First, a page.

As a baseline of effect of salinity on CTmax, we first mapped the current maximum temperature across Taiwan using data from 29 weather stations from 2010 to 2018 (Central Weather Bureau of the Government of Taiwan), then classified by the mean CTmax calculations at different levels of salinity for each species and overlaid with current predicted distributions of each species. To create a uniform surface temperature layer across the study region, we used the ‘EBK regression prediction’ (Empirical Bayesian Kriging Regression Prediction) tool in ArcGIS Pro ver. 2.8.1 (ESRI, Redlands, CA, USA) with a digital elevation model (DEM) as our explanatory variable raster and maximum surface temperature at each georeferenced weather station as our dependent variable. In a one-week observation, the water temperature was within the daily variant range of air temperature, but lower the instant air temperature most of the time in study site Cheng-Xi village (see Supplementary Fig. S2).

To determine potential impact of climate change on the three tested species when the effect of salinity on CTmax was considered, we combined maps of 1 m sea level rise and predicted the maximum temperature for the year 2100 by increasing current temperature by 4.8 °C (Source: Airbus, USGS, NGA, NASA, CGIAR, GEBCO, NLS, OS, NMA, Geodatastyrelsen, GSA, GSI and the GIS User Community). Extrapolations to future climate change scenarios were created by adding projected increase in maximum temperature as constant values to our present-day temperature layer through the raster calculator. The predicted maximum temperature was also classified by CTmax (CTmax at no, low, and high salinity) and overlaid with current predicted distributions. All maps in this study were generated by using ArcMap 10.6 (ESRI, Redlands, CA, USA).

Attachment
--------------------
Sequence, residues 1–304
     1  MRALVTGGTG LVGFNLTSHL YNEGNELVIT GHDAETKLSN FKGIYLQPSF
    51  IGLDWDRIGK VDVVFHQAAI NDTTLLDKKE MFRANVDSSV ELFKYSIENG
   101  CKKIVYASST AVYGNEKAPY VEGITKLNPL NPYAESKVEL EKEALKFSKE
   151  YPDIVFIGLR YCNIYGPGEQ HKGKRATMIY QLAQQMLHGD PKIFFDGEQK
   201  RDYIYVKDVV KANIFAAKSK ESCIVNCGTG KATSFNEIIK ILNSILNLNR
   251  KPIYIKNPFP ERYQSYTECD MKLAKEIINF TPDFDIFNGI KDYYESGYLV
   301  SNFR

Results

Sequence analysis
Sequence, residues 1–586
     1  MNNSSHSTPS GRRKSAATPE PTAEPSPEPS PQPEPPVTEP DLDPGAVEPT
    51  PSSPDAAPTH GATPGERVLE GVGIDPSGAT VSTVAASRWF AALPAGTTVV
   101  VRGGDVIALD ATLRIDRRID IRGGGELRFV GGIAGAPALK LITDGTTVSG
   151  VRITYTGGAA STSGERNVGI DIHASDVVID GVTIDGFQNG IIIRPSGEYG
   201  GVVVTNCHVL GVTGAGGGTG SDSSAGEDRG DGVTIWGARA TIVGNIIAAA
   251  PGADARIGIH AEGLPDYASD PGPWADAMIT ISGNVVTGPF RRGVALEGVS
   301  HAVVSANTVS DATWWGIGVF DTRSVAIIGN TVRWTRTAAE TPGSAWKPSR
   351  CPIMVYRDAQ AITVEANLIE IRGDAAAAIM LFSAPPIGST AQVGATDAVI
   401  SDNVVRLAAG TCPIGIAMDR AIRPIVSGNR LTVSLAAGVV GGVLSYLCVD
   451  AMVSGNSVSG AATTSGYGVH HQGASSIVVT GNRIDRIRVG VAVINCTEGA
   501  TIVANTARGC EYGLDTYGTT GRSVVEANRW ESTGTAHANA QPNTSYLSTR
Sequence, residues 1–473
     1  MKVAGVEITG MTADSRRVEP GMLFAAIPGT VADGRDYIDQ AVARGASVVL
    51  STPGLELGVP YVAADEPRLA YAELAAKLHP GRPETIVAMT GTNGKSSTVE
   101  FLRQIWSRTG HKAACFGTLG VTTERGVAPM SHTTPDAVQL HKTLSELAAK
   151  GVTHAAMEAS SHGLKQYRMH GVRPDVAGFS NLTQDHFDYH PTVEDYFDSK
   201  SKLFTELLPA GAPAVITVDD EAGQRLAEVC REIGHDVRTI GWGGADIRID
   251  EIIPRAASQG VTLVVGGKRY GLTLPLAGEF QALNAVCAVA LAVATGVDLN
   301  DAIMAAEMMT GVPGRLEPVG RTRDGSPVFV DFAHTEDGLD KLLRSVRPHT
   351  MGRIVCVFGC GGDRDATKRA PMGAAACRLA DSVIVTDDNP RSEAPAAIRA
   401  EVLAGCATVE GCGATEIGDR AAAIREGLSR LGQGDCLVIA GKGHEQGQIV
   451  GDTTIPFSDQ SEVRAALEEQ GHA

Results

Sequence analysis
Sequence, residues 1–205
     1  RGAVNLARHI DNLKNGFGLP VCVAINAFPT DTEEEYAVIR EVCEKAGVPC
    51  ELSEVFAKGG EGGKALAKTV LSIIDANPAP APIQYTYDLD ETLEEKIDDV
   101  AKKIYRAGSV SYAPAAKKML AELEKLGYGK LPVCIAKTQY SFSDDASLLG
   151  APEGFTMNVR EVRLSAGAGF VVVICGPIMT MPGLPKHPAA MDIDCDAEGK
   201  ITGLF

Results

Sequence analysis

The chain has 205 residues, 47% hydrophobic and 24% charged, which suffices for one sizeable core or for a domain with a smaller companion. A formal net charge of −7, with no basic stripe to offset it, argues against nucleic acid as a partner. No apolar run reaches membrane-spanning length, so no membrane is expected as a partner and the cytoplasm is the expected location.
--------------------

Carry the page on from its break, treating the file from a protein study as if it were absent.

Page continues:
Statistical analyses

The survival of tadpoles during acclimation was analyzed through a survival analysis (Cox proportional hazard model and Kaplan–Meier survival curve). Kruskal–Wallis tests with Dunn posterior tests were used for comparison between the developmental stage and CTmax of tadpoles acclimated in different treatments. Spearman’s rank correlation was used to test the effects of development stage on CTmax of tadpoles exposed to salinity treatments. Data analyses were conducted using R i386 3.1.0. Significance level was set as α = 0.05.

Ethical statement

The animal use protocol in this study were carried out in accordance with relevant guidelines and regulations, and the experimental protocols have been reviewed and approved by the Institutional Animal Care and Use Committees of Tunghai University (IACUC permit No. 103-16), and all experiments were performed in accordance with relevant guidelines and regulations of ARRIVE Guidelines ( No other permits were required because these field studies were not conducted in a protected area nor were our subjects an endangered or protected species. In total, there were 113 animals used as subjects in this study, 19 of them were sacrificed by the high salinity in the survival experiments, while there was no animal sacrificed doing the CTmax experiments. The animals were released at their site of capture right after finishing the experiments within 10–30 days of being captured.


Effect of salinity on survival and development